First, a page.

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Visa Application Process

In most countries, first-time student visa applicants are required to appear for an in-person interview. However, each U.S. Consulate/Embassy sets its own interview policies and procedures regarding student visas.

 

Please be sure to consult your local U.S. Consulate/Embassy for specific application instructions.

In general, however, all applicants for a student visa must provide the documents below to the consular officer:

  • Completed I-20 form (all three pages)
  • Completed non-immigrant visa application form (DS-156) with a photo for each person applying. (A separate form is needed for children, even if they are included on a parent's passport)
  • Passport valid for at least six months after proposed date of entry into the United States
  • Payment receipt for visa-processing fee. This fee is paid when students go to the U.S. Consulate/Embassy to apply for the student visa. Fee payment receipt will be issued and international students must keep this receipt for each applicant, including each child listed on a parent's passport who is also applying for a U.S. visa. (The receipt(s) must be presented to the consular officer during the interview)
  • SEVIS I-901 Fee Payment Receipt
  • Financial documentation


Applicants with dependents must also provide:

  • Proof of the student's relationship to his/her spouse and/or children (e.g., marriage and birth certificates)
  • It is preferred that families apply for F-1 and F-2 visas at the same time, but if the spouse and children must apply separately, they should bring a copy of the student visa holder's passport and visa, along with all other required documents


In addition to those documents, we advise that all applicants be prepared to provide the following:

  • Transcripts and diplomas from any previous institutions attended.
  • Scores from standardized tests such as the TOEFL, SAT, ACT, IELTS, PTEA and GRE
  • Any additional documents that might help applicants establish strong social and economical ties to their home country. (Please see the next section for tips on demonstrating ties to the home country)


Keep in mind that June, July, and August are the busiest months in most consular sections, and that it may be difficult to secure interview appointments during that time.

It is important to plan ahead to avoid repeated visits to the embassy: you need to receive the visa in a timely manner so that you may be able to attend the International Student Orientation. Please visit the U.S. Department of State website to view visa processing times at various U.S. consulates and embassies.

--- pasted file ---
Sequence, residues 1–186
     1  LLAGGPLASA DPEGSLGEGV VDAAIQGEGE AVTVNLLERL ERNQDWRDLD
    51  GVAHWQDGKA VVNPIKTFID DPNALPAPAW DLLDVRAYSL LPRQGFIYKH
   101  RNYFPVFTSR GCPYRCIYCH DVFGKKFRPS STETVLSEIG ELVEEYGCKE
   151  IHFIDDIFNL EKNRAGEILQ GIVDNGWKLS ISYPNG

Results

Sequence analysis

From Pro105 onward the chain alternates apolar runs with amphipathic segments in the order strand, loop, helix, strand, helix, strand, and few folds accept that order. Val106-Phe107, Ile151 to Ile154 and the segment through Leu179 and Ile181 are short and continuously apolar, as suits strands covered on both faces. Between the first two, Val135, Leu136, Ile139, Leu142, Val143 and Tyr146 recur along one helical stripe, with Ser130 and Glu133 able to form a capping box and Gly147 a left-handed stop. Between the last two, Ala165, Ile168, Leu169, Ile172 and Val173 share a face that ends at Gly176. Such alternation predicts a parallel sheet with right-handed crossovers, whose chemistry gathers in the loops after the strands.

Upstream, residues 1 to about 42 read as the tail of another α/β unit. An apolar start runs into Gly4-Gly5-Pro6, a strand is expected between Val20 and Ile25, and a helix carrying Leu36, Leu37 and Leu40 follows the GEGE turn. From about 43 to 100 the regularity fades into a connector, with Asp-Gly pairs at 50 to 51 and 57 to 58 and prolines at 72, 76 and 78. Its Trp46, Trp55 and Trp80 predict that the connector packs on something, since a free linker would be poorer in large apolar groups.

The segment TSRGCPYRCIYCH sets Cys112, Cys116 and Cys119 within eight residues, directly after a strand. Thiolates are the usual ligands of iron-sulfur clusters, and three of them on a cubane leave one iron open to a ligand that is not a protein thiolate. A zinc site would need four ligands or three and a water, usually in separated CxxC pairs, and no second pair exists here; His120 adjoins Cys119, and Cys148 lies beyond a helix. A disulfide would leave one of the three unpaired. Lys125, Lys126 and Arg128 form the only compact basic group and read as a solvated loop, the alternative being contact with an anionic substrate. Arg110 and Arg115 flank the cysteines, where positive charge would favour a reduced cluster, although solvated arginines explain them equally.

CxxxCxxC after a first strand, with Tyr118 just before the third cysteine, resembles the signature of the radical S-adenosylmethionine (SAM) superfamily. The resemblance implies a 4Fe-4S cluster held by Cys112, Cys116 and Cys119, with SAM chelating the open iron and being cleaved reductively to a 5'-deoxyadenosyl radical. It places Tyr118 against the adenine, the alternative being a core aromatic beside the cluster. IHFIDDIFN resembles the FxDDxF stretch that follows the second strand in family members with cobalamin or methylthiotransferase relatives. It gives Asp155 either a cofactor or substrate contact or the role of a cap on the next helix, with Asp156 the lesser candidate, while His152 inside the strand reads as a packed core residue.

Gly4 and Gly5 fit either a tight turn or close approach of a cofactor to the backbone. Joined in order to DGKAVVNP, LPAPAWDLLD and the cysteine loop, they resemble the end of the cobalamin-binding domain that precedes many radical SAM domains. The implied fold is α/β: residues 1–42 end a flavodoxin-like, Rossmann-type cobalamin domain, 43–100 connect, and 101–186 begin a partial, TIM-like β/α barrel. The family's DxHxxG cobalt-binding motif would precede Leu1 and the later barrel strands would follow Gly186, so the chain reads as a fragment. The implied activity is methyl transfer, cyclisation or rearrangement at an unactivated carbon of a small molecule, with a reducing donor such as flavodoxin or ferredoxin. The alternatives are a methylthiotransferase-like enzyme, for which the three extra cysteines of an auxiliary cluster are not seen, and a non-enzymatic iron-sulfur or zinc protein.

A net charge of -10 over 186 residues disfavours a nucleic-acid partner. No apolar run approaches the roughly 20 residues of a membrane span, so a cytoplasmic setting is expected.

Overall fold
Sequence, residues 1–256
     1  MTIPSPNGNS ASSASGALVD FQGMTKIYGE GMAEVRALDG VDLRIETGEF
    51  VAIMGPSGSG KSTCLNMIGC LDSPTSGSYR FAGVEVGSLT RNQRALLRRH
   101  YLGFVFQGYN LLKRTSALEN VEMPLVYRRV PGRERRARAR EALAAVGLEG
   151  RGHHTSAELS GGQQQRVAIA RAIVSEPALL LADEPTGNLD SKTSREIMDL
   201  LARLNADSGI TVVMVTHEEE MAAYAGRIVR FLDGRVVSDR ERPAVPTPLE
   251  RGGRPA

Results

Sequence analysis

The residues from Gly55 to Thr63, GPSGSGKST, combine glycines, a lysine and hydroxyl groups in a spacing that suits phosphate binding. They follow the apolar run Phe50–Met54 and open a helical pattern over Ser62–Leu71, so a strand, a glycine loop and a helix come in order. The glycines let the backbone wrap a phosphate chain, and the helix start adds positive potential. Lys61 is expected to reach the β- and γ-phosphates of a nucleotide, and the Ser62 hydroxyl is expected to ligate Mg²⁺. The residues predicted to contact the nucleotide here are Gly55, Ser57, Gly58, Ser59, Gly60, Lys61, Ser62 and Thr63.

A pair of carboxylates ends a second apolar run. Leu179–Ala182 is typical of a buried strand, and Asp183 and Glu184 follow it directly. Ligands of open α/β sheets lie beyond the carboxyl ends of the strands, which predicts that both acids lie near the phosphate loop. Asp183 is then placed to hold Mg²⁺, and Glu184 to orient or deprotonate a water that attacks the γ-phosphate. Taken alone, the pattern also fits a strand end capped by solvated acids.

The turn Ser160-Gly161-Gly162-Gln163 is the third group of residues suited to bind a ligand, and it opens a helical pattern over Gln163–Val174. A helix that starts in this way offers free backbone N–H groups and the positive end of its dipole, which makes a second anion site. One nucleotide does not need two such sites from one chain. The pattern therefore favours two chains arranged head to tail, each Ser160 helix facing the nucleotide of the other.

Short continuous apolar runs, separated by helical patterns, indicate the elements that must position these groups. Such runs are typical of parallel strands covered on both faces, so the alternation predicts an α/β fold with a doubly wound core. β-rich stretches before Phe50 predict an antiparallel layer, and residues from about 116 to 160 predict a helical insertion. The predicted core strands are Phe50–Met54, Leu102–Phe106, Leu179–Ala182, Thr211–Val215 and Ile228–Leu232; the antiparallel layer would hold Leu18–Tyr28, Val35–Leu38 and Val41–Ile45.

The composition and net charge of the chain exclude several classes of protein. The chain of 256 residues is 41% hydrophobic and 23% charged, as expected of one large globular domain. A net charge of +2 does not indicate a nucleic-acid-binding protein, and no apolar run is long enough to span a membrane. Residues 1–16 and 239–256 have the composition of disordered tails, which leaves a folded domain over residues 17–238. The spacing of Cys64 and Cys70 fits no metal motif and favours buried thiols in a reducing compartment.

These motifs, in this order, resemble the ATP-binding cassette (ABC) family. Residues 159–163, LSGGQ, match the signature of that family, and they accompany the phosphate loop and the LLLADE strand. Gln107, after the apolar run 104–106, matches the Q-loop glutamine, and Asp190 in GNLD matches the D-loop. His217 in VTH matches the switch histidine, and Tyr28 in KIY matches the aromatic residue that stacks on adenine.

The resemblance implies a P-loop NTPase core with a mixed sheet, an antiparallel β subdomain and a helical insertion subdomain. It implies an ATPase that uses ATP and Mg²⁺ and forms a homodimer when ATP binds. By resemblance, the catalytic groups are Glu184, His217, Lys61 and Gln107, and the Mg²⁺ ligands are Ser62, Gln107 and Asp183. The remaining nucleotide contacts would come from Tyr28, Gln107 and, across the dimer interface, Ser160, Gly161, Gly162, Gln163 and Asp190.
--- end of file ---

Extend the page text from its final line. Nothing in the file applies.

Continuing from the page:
Showing Ties to Home Country

Occasionally students have been denied visas due to the consular officer not being sufficiently convinced of the student's intentions to return to his or her native country after completing their studies.

The common reason for a visa denial is on the basis of Section 214(b) of the Immigration and Nationality Act (INA) that states: "Every alien shall be presumed to be an immigrant until he establishes to the satisfaction of the consular officer, at the time of application for admission, that he is entitled to a non-immigrant status..."

This essentially means that the student must prove beyond doubt "permanent residence" or "strong ties" to his/her home country. Fortunately, a visa denial is not permanent and can be reversed, if the student can show new, irrefutable evidence.

Here are some tips for demonstrating students’ strong ties to their home country:

  • Convince the consular officer that the sole (not just "primary") purpose of the visit to the United States is to pursue a program of study
  • Outline post-graduation plans upon returning to the home country
  • Document family ties, business interests, and assets in the home country 
  • Discuss job prospects in the home country upon completion of education in the United States


Tips on Interviewing with a Consular Officer

In addition to providing the right documents and having the right reasons, making a positive impression on the consular officer is critical in the application process.

Here are some interviewing techniques suggested by NAFSA–Association of International Educators:

  • Speak in English—Practice interviewing in English with a native English speaker. Being fluent and confident will help present the case. However, avoid preparing a speech.
  • Speak for yourself—Make your case independently. Having parents or others speak on your behalf does not make a good impression on the consular officer.
  • Be brief—Keep answers and explanations short and to the point, as consular officers can only spend a few minutes with each applicant.
  • Be positive—Do not argue with the consular officer or come across as rude and sarcastic even if your visa application is denied.

In the event that you are denied a student visa, it is important not to get upset or argue with the consular officer. Most often, students who were denied will be given a letter explaining why the request has been denied.

Students should politely ask the officer how they could improve their chances the next time and what additional documentation they should provide to reverse the denial. They should thank the officer and take down their name for future reference. Students should conduct a thorough re-evaluation of their case and contact us at the Global Education Office for assistance.

NOTE: When students successfully receive their student visa, the consular officer will seal their immigration documents in an envelope and attach it to their passport. Students should not open this envelope. The officer at the U.S. port of entry will open it.


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